• Federal Government pamphlet getting civilians involved in the war effort.

1943

  • Dr. New Deal... [has been replaced by] Dr. Win the War.... The overwhelming first emphasis should be on winning the war.
    • President Roosevelt, on the change in the priorities of the Federal Government.

1943

  • The honest-minded liberal will admit that the common man is getting a better break [now] than he did under the New Deal.
    • A New Deal administrator.

1943

  • To harden home-front morale, the military services have adopted a new policy of letting civilians see photographically what warfare does to men who fight.
  • Newsweek magazine on the War Department’s policy of letting photos of American troop casualties be shown in order to reverse the public’s overconfidence.

Women in the War

1942

  • Days and nights were an endless nightmare, until it seemed we couldn’t stand it any longer. Patients came in by the hundreds, and the doctors and nurses worked continuously under the tents amid the flies and heat and dust. We had from eight to nine hundred victims a day.
  • Eunice Hatchitt, Army nurse serving on Bataan in the Philippines.

1943

  • To be doing something towards winning the war, to be making some money, to learn a trade, men and women have been pouring into the city [of Mobile, Alabama] for more than a year now.
  • Observation of novelist John Dos Passos.

1943

  • I was an eager learner, and I soon became an outstanding riveter. At Rohr I worked riveting to boom doors on P-38s.... The war really created opportunities for women. It was the first time we got a chance to show that we could do a lot of things that only men had done before.
  • Winona Espinosa, an aircraft worker.

1943

  • Something is happening that Adolf Hitler does not understand..... It is the miracle of production.
  • Time magazine, on American industry’s production of immense numbers of planes, ships, and tanks. Actually, German military intelligence DID correctly estimate what the U.S. could manufacture, but Hitler chose to ignore the report and declared war on the U.S.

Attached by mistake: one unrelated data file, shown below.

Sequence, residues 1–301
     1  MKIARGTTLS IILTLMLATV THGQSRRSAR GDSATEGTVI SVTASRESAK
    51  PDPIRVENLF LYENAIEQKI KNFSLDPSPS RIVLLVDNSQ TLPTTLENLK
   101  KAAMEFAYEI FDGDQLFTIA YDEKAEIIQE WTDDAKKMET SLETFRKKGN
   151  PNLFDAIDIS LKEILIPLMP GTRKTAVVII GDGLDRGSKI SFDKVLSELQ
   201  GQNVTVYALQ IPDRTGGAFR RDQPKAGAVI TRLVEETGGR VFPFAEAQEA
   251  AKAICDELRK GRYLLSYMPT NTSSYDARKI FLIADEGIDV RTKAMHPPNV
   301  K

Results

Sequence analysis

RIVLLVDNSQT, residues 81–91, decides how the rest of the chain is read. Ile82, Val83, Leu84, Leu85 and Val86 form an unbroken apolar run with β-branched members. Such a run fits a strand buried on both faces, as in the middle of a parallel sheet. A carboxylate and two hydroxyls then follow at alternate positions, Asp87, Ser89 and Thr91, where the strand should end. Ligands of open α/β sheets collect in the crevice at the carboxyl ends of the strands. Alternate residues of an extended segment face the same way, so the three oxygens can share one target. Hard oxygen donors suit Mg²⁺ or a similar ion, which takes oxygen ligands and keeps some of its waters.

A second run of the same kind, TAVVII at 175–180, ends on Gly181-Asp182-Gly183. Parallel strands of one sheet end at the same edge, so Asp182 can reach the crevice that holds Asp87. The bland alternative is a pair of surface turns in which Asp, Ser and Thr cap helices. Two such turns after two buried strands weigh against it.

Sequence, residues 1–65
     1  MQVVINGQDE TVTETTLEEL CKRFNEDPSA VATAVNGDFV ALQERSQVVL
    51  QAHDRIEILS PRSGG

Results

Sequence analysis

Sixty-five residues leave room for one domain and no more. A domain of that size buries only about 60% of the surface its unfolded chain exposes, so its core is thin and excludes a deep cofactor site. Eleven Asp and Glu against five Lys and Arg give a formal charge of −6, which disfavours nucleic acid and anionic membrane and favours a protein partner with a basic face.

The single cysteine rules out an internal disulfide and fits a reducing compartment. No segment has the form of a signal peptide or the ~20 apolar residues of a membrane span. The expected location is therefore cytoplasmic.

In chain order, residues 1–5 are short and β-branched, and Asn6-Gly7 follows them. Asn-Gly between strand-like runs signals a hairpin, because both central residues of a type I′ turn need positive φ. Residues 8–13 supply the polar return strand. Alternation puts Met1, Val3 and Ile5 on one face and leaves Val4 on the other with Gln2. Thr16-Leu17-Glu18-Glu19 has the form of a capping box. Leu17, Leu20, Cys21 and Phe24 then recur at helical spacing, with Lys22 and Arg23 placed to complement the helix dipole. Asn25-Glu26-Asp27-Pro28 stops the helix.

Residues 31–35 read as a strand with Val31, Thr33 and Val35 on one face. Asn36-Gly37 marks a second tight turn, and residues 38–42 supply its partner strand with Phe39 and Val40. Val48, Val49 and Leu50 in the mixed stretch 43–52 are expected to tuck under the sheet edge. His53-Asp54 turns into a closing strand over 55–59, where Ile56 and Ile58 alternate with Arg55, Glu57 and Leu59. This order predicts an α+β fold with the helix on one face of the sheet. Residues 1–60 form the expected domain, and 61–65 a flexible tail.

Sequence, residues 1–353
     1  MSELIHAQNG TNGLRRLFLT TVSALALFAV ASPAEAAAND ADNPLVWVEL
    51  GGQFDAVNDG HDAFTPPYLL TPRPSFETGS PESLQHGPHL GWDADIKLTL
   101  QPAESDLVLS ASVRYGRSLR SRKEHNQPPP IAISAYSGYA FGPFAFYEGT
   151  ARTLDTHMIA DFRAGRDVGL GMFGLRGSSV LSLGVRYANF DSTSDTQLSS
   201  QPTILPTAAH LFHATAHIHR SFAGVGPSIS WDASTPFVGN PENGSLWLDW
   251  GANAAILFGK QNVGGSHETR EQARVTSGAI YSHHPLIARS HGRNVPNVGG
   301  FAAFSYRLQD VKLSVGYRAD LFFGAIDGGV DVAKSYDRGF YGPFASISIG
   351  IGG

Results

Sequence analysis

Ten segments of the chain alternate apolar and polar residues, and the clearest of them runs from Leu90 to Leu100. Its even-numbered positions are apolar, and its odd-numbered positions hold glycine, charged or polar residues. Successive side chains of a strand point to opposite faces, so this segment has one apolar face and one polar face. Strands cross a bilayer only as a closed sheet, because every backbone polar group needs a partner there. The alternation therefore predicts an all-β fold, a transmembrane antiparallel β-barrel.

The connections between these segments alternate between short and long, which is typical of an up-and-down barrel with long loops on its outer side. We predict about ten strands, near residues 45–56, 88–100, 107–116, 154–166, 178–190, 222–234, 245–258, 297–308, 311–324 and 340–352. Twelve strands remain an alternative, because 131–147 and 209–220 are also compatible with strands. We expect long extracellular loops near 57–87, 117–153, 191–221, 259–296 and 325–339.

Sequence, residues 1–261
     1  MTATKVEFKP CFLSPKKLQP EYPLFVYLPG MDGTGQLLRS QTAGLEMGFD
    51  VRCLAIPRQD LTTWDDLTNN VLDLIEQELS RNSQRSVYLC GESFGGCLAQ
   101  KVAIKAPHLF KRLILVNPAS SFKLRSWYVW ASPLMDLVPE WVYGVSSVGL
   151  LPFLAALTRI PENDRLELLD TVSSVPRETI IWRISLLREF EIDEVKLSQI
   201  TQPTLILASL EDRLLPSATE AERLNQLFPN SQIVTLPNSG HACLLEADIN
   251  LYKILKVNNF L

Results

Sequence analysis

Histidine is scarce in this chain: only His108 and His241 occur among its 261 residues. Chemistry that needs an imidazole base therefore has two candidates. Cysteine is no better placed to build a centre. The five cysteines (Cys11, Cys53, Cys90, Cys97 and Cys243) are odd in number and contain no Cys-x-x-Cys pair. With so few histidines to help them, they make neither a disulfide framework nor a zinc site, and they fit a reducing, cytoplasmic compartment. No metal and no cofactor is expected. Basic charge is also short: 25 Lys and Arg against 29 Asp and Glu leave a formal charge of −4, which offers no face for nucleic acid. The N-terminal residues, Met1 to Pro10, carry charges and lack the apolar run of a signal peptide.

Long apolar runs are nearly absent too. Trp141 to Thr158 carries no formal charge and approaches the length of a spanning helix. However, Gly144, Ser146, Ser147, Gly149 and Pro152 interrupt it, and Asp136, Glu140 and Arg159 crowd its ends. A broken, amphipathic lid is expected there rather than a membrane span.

1943

  • Instead of cutting a cake, this woman is cutting a pattern of aircraft parts. Instead of baking a cake, this woman is cooking gears to reduce the tension in the gears after use.
  • Narrative in a news video showing women working in an aircraft factory.

1944

  • There is nothing in the training to prepare you for the excruciating noise you get down in the ship. Any who were not heart-and-soul determined to stick it out would fade out right away.... And it isn’t only your muscles that must harden. It’s your nerve, too.
  • Woman shipyard worker.

1944

  • You had better be careful how you talk to me ‘cause I have developed a big muscle in my right arm and a good strong one in my left, so take it easy, kid.
  • Margaret Hooper, age 20, in a letter to a friend in the Pacific Fleet. Margaret was working as an incoming materials inspector at an aircraft plant in San Pedro, California.

1944

  • “Rosie the Riveter”
  • Name of the tough, patriotic, fictional woman cartoon character made to rally women support and help during the war.

1945

  • It gave me a good start in life. I decided that if I could learn to weld like a man, I could do anything it took to make a living.
  • Nova Lee Holbrook, on how her experience in war work was invaluable.

The War at Home: Japanese-Americans

1942

  • The very fact that no sabotage has taken place to date is a disturbing and confirming indication that action will be taken.
    • War Department report on Japanese migrants and Japanese-Americans on the West Coast after the attack on Pearl Harbor.

1942

  • Despite the color of our hair and skin, despite the shape of our eyes, the U.S. was our country. I remember how my parents reminded us of that fact. Just before our family was evacuated, my father... said, "No matter what happens, this is your home."
    • U.S. Secretary of Transportation Norman Mineta, taken as a child to an internment camp.

1942